How are you? I have something on my mind that you have most likely answered a million times. After reading your entire web site, I still can't come to an answer that fits my situation. What I have to say may seem strange, but it's a reality to me and I need some professional advice.
I'm a 25 year old single male, never been married living around the country and world in the US Navy. I go to school part time and have plans on becoming an officer in the next few years. Currently I'm stationed on the West coast of the United States far from my original home in the South.
Traveling to other countries, just visiting places for a couple days at a time I've become interested in other cultures than American. Like many other sailors I've also turned my eye toward foreign, particularly eastern woman. I know there are many Asian woman in this country, but it's more than just the nationality. It's the way of life and customs I've become so attracted to. Wanting to learn more of the costoms, I started a penpal with a girl from the East. We communicated for around a year through e-mail and exchanging postal mail and cultural gifts, such as music tapes pictures, and trinkets. Through that time we have taken quite a liking of each other, only as friends. Around May of this year we exchanged phone numbers. She has a BA of science and speaks very good English. We talk on the phone about 3 or 4 times a week now. Though we are from two totally different cultures, we seem to have more in common than any girl I have ever known. We share the same thoughts about religion, morale, family orientation, music, and so many other things. We have both developed feelings for each other that neither one would reveal until around October. Of course because the reality of this whole friendship is two worlds apart. I frequently date girls in the town I'm stationed in right now because I would look foolish to my shipmates if they saw I serious I take this girl. No other girl can seem to catch my heart because I think it has been stolen by the one so far away.
My question for you doctor is this. Should I discontinue this communication with foreign girl? I do believe there are real feelings here and we will both be hurt. I'm secure enough that meeting this girl wouldn't be a financial burden. Since I'm so far from home and constantly moving, atleast till in 40, is there a difference in where I meet the one I think is right for me? Is there a chance that a reality can come of all this?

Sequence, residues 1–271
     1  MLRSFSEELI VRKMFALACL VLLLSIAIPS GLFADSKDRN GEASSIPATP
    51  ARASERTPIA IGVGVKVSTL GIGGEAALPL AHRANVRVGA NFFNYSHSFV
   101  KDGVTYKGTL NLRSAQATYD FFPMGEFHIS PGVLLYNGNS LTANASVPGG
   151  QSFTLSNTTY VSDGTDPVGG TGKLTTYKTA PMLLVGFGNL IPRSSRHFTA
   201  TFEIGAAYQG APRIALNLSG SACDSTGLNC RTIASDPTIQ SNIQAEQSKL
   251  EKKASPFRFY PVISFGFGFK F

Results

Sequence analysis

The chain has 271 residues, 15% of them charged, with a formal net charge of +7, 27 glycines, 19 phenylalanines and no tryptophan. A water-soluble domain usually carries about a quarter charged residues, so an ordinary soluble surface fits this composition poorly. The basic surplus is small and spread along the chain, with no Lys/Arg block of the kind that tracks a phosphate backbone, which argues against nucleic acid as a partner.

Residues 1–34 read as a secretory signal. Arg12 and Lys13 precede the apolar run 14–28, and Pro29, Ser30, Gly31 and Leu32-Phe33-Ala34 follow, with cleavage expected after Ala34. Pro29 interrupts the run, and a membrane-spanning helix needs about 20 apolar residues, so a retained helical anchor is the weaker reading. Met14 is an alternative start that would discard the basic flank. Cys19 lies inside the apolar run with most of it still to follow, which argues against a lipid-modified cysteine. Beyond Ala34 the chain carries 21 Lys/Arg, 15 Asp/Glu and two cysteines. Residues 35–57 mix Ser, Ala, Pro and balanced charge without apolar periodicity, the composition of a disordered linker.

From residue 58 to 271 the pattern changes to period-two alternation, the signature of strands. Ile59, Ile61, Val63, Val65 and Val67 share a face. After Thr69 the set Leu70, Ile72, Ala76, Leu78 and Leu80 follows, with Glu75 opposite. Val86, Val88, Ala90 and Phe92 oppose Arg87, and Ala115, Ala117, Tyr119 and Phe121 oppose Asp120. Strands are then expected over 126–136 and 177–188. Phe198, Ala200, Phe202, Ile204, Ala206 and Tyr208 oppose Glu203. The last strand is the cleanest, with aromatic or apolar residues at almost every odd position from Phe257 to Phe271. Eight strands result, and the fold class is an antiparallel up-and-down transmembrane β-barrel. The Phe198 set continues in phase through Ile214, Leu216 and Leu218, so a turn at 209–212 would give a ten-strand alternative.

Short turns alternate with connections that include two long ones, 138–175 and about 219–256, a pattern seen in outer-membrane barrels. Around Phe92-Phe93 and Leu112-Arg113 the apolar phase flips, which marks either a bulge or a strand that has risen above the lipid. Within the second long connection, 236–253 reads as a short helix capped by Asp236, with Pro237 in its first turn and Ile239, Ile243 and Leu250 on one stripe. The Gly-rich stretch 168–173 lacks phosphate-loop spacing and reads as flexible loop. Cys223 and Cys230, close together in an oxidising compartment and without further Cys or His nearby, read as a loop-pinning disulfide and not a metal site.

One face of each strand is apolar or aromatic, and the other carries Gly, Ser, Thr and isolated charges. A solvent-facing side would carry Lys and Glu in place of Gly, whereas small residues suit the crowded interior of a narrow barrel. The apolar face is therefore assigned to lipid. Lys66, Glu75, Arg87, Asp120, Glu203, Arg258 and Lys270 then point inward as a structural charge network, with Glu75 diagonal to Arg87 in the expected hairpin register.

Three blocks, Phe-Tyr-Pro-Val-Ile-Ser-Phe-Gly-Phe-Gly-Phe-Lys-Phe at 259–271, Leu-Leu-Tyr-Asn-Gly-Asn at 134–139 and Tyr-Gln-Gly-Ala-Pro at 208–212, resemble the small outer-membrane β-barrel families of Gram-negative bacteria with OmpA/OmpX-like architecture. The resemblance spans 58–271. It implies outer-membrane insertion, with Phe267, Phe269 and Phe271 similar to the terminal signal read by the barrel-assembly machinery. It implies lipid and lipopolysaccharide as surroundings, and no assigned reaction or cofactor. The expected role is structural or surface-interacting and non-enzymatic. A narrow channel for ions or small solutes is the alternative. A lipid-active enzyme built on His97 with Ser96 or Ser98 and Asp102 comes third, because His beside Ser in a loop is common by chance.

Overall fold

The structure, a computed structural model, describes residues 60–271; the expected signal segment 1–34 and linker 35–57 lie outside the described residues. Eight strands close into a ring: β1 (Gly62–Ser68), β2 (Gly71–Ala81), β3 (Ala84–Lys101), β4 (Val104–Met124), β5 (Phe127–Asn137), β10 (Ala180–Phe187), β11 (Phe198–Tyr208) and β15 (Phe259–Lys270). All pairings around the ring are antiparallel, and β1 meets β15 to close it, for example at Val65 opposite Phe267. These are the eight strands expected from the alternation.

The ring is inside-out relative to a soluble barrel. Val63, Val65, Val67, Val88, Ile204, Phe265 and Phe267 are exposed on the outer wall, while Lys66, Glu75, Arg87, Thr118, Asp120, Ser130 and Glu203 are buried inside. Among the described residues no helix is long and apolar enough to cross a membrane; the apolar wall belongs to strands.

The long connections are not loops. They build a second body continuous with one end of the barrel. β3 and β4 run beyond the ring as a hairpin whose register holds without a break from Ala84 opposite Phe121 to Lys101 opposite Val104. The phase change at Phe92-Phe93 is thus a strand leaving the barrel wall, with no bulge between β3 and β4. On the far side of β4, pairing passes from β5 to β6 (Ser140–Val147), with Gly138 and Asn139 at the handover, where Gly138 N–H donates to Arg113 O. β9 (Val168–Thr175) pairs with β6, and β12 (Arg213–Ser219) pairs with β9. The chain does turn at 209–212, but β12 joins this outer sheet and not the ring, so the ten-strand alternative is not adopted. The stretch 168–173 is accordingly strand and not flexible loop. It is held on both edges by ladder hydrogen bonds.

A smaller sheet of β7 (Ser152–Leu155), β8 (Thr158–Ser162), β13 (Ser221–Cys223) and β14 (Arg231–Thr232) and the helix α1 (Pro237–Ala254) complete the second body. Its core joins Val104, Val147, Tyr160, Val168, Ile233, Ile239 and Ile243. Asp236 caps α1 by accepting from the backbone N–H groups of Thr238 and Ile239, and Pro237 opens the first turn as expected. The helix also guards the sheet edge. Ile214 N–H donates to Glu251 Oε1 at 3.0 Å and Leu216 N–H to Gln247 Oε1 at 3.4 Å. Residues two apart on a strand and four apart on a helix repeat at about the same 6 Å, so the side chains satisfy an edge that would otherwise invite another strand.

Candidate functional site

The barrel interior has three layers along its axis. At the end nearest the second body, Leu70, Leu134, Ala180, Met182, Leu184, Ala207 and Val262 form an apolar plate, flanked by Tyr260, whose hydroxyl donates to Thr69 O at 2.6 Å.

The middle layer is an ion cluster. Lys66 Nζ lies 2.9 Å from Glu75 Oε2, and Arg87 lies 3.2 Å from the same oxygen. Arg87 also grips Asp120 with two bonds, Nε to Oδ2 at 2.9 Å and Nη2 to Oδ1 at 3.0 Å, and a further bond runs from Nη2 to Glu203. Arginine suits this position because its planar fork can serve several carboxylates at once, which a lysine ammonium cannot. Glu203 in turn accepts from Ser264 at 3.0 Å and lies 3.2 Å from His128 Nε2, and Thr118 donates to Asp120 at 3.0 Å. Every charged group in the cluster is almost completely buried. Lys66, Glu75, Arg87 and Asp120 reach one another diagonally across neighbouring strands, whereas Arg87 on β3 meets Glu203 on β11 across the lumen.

Thank you Dr. Tracy for taking the time to read my question I'm desperately seeking a professional answer on. I really enjoy your site. I think you have wonderful advice for all us fish out here lost at sea.
Dear Lone Sailor,
I'm sure you are very attracted to this woman, but it's almost impossible to be truly in love with someone you've never met in person. Your attraction to the Asian way of life, and not American Asian women, makes me wonder if what you're really attracted to is the apparent submissive quality of Asian women.
If you are thinking that an Asian woman will be submissive and let you be the boss and ruler of his roost, think again. Many modern Asian women, especially the educated ones like the one you're corresponding with, have no intentions about being submissive in their relationship. While it may appear, when looking from the outside in, that the Asian man is the king and the woman his obedient slave, appearances are deceiving. Many Asian women are really very strong and rule the roost behind closed doors.
That said, of course you shouldn't discontinue your correspondence. Your Asian friend could be the perfect woman for you. But don't make any decisions until you have spent time together in person -- serious time, not just a few weekends or holidays.
There really is no difference where you meet the woman you will love, here or abroad. However, there is a difference in where and how she will be happy living. It's important to find out if she would be happy far from home in an alien culture living in a military social setting. Being a military wife is hard on American women who are in their own cultural setting. It's even harder for someone from Asia.
Pushing Too Hard
Dear Dr. Tracy,
I am an attractive 50 year old woman . I have successfully raised three children as a single mom and then went back to school. If I can, I will finish university this year , that is , if I can study with a broken heart.I have had a hard life. My parents were both alcoholics and I sort of raised myself. I searched for love that I never had at home in the arms and company of different men. I have forgiven my parents because they are only human. I have still a little resentment towards the fathers of my children because they more or less abandoned me too. Although one died God rest his soul. All I have ever really wanted in my life was a home and a sense of security with someone whom I love and who loves me back.